The Indo-Pacific region is an important zone for undersea cables across investments, development, maintenance, and technological innovation. Through case studies of Japan, Indonesia, Singapore, and India, this article examines the actors who are investing in regional cable infrastructure, how Indo-Pacific countries are approaching security issues in cable licensing, and whether actors are investing resources or developing specific policies around cable repairs. It finds that, across these four countries, many types of actors are involved in cable investment, including telecommunications firms, investment banks, and internet companies. However, there is considerable variation in how these countries are addressing security and repair issues. The article concludes by recommending that Indo-Pacific countries remember to balance investment screening and security issues with international collaboration on cables, improve cable outage and repair tracking, consider government-led or government-subsidized cable repair ship programs, and integrate security and resilience assessments into licensing processes.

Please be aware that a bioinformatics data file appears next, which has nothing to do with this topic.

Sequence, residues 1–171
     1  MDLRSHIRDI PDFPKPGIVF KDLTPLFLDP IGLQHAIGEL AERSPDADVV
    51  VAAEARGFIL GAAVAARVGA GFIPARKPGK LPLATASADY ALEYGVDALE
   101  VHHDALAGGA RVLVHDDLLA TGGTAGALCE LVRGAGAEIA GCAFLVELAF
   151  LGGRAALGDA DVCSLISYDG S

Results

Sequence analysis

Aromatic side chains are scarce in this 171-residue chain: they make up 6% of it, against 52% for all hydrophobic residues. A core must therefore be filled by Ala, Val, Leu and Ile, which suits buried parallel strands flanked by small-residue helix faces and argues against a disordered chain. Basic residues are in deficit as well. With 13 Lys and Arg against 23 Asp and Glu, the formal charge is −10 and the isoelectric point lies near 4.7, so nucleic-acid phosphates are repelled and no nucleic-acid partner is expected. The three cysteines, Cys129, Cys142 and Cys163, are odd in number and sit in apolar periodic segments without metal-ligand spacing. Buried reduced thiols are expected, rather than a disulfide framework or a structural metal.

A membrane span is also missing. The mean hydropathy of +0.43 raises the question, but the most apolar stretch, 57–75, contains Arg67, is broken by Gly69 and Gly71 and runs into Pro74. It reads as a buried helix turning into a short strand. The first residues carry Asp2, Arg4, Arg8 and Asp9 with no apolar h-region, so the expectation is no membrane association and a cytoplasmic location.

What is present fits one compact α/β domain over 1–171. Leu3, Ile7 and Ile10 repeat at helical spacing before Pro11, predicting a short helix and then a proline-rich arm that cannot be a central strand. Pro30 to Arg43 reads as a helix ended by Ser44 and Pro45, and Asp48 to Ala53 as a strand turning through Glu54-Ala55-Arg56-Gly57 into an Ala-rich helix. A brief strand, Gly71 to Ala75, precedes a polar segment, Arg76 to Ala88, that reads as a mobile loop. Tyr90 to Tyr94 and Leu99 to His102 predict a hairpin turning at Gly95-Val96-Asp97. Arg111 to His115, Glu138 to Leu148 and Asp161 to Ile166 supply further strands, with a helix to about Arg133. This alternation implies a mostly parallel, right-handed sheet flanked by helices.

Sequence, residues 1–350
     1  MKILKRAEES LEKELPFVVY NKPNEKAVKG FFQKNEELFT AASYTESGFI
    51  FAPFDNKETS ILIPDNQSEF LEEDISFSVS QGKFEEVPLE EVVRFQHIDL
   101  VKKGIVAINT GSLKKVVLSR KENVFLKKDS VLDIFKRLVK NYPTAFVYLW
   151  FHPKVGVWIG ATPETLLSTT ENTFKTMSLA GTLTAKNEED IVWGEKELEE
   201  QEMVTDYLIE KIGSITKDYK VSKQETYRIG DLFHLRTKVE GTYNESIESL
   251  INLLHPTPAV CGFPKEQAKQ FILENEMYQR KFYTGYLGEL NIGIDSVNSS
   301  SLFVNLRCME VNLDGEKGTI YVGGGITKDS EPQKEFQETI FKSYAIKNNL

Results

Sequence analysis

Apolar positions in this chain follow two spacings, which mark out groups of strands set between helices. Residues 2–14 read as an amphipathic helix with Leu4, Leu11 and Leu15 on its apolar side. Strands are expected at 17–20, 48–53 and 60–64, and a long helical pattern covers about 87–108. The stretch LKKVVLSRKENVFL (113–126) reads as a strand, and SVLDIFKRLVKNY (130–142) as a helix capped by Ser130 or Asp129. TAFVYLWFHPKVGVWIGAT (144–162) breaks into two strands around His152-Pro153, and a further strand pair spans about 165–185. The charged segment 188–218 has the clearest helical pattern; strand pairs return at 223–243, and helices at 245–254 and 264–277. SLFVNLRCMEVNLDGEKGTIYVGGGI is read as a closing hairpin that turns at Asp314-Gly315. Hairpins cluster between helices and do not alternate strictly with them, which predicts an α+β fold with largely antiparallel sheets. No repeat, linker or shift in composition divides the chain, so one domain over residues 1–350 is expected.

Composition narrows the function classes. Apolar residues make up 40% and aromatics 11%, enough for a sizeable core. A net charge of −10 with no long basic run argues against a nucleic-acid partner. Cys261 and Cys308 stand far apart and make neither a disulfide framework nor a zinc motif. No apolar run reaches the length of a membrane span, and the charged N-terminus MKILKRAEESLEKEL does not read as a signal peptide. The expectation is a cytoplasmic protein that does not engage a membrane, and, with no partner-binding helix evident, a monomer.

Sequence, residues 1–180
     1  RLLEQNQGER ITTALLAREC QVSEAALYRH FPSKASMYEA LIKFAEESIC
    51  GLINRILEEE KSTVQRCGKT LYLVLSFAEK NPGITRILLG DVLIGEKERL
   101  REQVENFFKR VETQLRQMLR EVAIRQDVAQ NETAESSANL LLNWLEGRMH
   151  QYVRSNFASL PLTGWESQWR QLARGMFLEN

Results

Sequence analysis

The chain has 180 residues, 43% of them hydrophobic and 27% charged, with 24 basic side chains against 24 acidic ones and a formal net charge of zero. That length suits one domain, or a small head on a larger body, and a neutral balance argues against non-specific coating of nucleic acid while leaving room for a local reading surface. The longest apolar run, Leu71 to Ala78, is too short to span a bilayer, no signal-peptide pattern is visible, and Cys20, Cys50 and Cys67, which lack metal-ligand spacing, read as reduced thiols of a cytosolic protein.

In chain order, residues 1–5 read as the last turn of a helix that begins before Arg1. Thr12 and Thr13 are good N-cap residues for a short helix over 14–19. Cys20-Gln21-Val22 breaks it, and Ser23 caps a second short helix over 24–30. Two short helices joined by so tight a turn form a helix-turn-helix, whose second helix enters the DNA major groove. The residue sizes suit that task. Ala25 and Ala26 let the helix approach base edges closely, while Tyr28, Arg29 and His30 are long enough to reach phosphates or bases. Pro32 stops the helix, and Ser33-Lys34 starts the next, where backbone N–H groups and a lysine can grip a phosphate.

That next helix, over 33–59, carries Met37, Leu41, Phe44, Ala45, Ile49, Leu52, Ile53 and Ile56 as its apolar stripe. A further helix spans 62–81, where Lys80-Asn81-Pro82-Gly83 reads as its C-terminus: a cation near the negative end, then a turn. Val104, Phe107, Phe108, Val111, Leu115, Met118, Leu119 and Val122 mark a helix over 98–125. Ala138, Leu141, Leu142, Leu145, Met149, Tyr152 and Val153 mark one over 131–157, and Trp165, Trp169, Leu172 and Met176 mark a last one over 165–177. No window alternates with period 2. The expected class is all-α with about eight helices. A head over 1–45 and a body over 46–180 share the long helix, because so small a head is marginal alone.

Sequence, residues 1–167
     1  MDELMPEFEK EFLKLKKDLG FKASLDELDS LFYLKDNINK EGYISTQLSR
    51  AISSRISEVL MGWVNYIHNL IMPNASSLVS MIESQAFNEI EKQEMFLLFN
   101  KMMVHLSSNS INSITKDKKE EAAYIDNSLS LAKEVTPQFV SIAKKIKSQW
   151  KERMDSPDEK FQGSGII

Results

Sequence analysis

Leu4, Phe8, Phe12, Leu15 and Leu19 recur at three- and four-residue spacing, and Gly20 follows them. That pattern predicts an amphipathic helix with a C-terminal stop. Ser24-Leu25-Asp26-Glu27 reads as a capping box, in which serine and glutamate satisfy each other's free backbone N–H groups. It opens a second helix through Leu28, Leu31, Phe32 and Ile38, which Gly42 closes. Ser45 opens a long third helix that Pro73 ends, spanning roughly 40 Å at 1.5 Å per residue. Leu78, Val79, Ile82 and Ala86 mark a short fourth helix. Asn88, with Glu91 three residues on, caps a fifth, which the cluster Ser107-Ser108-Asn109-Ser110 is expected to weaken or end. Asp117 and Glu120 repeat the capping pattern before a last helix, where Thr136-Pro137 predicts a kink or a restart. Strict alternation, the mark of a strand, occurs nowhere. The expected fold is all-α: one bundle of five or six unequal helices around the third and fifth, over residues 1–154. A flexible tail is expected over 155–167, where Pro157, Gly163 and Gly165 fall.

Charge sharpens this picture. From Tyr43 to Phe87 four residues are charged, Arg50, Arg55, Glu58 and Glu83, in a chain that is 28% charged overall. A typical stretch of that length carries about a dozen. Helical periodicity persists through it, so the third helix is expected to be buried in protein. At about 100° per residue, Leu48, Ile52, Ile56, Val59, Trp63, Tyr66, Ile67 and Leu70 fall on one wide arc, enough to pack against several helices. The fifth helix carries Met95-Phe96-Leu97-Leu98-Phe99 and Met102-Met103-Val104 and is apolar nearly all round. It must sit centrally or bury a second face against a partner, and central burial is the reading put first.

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    Maritime Security and Underwater Surveillance Technology: Lessons from the Cold War
    ( 2024-01-24) Kajiwara, Mizuho
    The global underwater acoustic surveillance network known as the Sound Surveillance System (SOSUS) allowed the US to identify Soviet submarines during the Cold War, and its history holds important lessons for the present. Submarines conducting military operations in the world's oceans are now the most active since the end of the Cold War. As undersea competition intensifies in the Indo-Pacific among the US, China, and Russia, acoustic surveillance systems are again gaining relevance. In addition, technological developments such as Unmanned Underwater Vehicles (UUVs) have the potential to change military strategies dramatically. This article describes the ways that countries are responding to new challenges in the maritime domain. It argues that the experience of the Cold War shows that collaboration across industry, academia, and government, as well as cooperation among the US and its allies and partners, will be essential to tackling today’s rapidly changing strategic undersea environment.